As we reach the end of 2014, you’d think we’d be past this. But no, apparently not.
Recently, I found myself metaphorically banging the table when I began reading an interesting article on the website of a local newspaper, only to presented with the following phrase:
“For the Full Story, see tomorrow’s newspaper.”
Now, what do you think happened, seeing as I live maybe a good distance away from the nearest shop selling that paper, but close enough to be of interest to advertisers?
Did I think ‘this is a great story, I must jump in my car, drive 10 miles in the hope the two copies of the paper the newsagent gets in every day won’t have gone?’ or I did flip over to Google News and search for the story there?
And I’m pretty certain that I wasn’t alone in doing the latter, rather than the former. And when I did, I had 133,000 news sources to choose from for that particular story.
By the time I’d visited this particular news site – not one I work with, but one I visit most days – I’d already heard about the story on commercial radio news, on Five Live and via some tweets on Twitter. It was one of those stories which everyone runs with, but which the local newspaper should be at the heart of.
And indeed, it was at the heart of it in print, but online it was seemingly happy to surrender that position in the hope of driving a few more print sales, squandering a chance to find new readers online who might have heard about the story and coming looking for more details?
What compelled me to write this blog isn’t a desire to call out a newsroom still using what appears to be a newspaper sales-protection tactic which has long been proven to be pointless, but because of the reaction I felt as a loyal user of this website.
Maybe a few years ago, you could understand why this phrase was so common on news websites: Editors were clobbered for poor sales in print, but not exactly praised for driving digital audiences. What has become clear is that readers have moved on, and forward-thinking newsrooms have moved with them. Now the challenge is to keep competing for those readers.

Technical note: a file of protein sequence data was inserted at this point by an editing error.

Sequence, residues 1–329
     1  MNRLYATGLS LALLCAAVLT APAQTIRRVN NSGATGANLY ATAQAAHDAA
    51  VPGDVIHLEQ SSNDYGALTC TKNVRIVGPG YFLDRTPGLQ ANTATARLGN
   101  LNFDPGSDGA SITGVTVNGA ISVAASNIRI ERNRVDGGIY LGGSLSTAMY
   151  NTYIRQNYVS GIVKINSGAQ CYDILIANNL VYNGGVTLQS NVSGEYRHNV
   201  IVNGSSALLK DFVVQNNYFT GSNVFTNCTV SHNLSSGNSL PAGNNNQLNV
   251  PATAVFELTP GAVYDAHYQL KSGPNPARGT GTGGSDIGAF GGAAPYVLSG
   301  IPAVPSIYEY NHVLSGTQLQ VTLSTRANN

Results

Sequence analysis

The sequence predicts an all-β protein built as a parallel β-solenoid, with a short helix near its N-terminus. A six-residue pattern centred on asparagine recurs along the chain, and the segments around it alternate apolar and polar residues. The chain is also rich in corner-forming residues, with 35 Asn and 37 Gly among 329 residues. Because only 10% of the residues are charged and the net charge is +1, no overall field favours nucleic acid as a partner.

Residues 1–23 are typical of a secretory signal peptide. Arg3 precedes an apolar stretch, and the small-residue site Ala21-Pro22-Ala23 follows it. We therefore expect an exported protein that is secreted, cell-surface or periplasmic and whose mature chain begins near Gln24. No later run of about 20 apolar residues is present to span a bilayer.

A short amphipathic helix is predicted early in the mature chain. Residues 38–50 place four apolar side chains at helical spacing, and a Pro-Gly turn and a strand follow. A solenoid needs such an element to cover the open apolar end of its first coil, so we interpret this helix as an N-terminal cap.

And I’ve no problem with using digital platforms to promote print, but it needs to be done in a way which doesn’t result in the digital reader feeling like as though the brand doesn’t really care about them at all.
In years to come, local news websites will stand or fall by their ability to attract local users who visit regularly. All local news sites have a core number of loyal users who visit day in, day out, maybe direct to the home page or prompted by a Tweet they see or a Facebook post which appears in their timeline – both made possible by committing that social media act of loyalty: Following the brand.
Newsrooms need to focus on those audiences, see what they like, see what they don’t like, and respond. I’ve talked about the importance of data science in newsrooms on this blog before, and that science should focus squarely on the most loyal users who live locally.
As one of those loyal users of this website, my reaction to being denied access to a story being covered extensively elsewhere was one of frustration. It’s tantamount to being told you’re a second-class reader. If you want to be given the top-table treatment, you must buy the paper.
There is no way of proving holding that story back online will have driven one extra print sale. It will, however, have driven traffic on other websites. Top-line audience data will suggest audiences are far more promiscuous online than print readership surveys suggest ‘hard copy’ readers are.
But drill into the digital data, and you find a rump of super-loyal readers who are visiting most days. The wealth of alternative sources of content make it easy for that loyalty to be eroded.
The good news in this scenario is that every big story for a regional newsroom is a chance to hook in new readers and perhaps get them to come back. Treat the reader with respect online and there’s a good chance they’ll come back: The audience spike upwards will always be steeper than the one coming back down the day after the story has moved on, if you’re treating with digital reader with the same respect as a print reader.
But like the majority of people who choose to consume news online, being told I have to go offline to find out the news doesn’t work for me. It just makes me go elsewhere, to one of the many sites who have probably received the copy via a freelancer who has lifted it off the printed page and stuck it out as quickly as possible.
Local journalists have a golden opportunity to ensure what they do has a future for decades to come, but that will only happen if readers feel they are treated with respect. Sticking those seven words at the foot of a story online is a sure-fire way to make yourself irrelevant to a new generation of local readers.